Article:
Australia surrendered the Border-Gavaskar Trophy to India on Monday, losing the final Test in Nagpur by 172 runs to hand the jubilant home side a 2-0 series victory.

The tourists were bowled out for 209 in only 50.2 overs, confirming the gulf that has grown between the two teams over the course of the four Tests and returning to India the trophy Australia won in the same city four years ago.

A chase of 382 to win was always going to be too much on a fifth day pitch against wily spinners Harbhajan Singh and Amit Mishra, and the tourists never really found their feet despite a hard-hitting 77 (93 balls) from opener Matthew Hayden.

Harbhajan (4-64) and Mishra (3-27) cleaned up after the Australians went to lunch at 3-111, precipitating a rush of wickets from the moment Mike Hussey (19) departed at 4-150.

Despite Hayden’s belligerence, the Australians were doomed from the moment captain Ricky Ponting called on part-timer Cameron White to bowl on Sunday afternoon as he sought to avoid a ban for slow over rates.

Ponting’s decision robbed courageous debutant spinner Jason Krejza (12-358 for the match) of the support he needed, and India stretched their lead from a gettable 252 at tea to the eventual and impossible 381.

The Indians celebrated a deserved series triumph that also served as a fitting send-off for retiring batsman Sourav Ganguly, who was carried from the field by his teammates.

Resuming at 0-13, the Australians showed their intent to chase by playing a shot a ball, many of them unsuccessful, and opener Simon Katich (16) was out to what can only be described as a slog at Ishant Sharma (2-31), who was again outstanding for the home side.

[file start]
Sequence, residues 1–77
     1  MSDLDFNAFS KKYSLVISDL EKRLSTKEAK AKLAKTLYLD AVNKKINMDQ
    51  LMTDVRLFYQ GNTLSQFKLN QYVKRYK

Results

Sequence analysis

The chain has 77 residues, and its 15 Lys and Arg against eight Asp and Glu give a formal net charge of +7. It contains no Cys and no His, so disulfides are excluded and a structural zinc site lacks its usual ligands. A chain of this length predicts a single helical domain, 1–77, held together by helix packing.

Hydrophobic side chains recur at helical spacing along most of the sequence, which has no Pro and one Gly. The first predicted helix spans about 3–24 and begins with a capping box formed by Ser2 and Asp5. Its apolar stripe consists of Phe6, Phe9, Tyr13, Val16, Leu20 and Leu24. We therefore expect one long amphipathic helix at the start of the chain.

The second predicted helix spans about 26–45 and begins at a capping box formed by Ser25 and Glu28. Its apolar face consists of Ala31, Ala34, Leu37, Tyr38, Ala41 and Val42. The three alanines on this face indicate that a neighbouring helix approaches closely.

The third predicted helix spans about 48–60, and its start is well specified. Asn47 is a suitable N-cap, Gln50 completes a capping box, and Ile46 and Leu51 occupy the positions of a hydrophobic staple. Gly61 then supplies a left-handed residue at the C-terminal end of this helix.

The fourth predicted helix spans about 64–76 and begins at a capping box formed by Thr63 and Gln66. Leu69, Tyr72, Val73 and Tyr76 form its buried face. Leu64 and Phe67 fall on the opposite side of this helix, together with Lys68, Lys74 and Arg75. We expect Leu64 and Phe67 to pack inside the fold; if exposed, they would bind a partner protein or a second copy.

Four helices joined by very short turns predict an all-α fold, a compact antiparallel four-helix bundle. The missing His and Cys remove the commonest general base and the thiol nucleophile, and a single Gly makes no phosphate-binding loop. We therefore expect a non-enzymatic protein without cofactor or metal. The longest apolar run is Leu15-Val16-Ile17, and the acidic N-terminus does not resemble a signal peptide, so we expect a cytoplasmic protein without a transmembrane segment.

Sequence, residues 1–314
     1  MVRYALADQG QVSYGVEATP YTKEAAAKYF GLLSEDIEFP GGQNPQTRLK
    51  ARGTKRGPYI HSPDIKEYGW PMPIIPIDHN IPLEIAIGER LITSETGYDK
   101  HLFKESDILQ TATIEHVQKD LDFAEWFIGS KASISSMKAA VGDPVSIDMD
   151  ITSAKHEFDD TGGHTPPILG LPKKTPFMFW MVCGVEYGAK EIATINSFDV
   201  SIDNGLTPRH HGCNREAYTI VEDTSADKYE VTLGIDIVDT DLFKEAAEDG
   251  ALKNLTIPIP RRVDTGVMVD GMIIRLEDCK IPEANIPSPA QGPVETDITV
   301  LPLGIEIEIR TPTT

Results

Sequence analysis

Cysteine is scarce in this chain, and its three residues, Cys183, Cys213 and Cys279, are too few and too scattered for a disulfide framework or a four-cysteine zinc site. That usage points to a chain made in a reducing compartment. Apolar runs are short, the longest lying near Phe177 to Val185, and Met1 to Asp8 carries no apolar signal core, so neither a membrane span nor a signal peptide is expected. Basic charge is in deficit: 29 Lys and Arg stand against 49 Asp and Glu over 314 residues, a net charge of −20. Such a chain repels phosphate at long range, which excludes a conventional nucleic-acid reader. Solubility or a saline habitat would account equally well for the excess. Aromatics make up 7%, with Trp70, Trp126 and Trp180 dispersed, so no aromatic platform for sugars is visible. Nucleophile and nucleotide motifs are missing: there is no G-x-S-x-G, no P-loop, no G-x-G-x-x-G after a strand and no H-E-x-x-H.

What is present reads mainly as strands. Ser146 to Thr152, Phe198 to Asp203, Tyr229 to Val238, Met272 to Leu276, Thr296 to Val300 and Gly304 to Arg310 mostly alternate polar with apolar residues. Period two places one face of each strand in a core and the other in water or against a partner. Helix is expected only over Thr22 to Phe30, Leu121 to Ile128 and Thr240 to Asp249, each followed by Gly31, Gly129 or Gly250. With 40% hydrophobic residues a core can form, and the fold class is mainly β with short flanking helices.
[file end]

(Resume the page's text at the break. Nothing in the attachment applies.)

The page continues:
Ponting, under fire from all quarters for his decision making yesterday, completed an ordinary match when he was run out for eight by Mishra’s direct hit from mid off.

An unwell Michael Clarke batted with Katich as a runner but could make only 22 before he too fell to Sharma, edging a perfectly-pitched delivery that shaped away in near identical fashion to his first innings exit at the hands of the same bowler.

Hayden clumped several boundaries with typical power, but was also fortunate to survive a couple of chances from the bowling of Harbhajan.

After lunch Hussey and Hayden worked to build their stand, striking numerous telling shots against the spinners on a wearing pitch.

But they were only ever one exceptional ball away from disaster, and it was Hussey who received it.

Facing up to Mishra from around the wicket, Hussey was done by a wrong’un that straightened but also pranced off the wicket, resulting in a glove and a simple catch for Rahul Dravid at slip.

What followed was not unexpected, the tourists crushed under the weight of what was almost an impossible task.

Hayden shuffled across to a Harbhajan quicker ball and was lbw, Brad Haddin drove arrogantly to mid on, Shane Watson thin edged an attempted cut shot and Jason Krejza was comfortably stumped after charging at Mishra’s leg break.

Last man Mitchell Johnson padded up to Harbhajan to be lbw and trigger Indian exultation.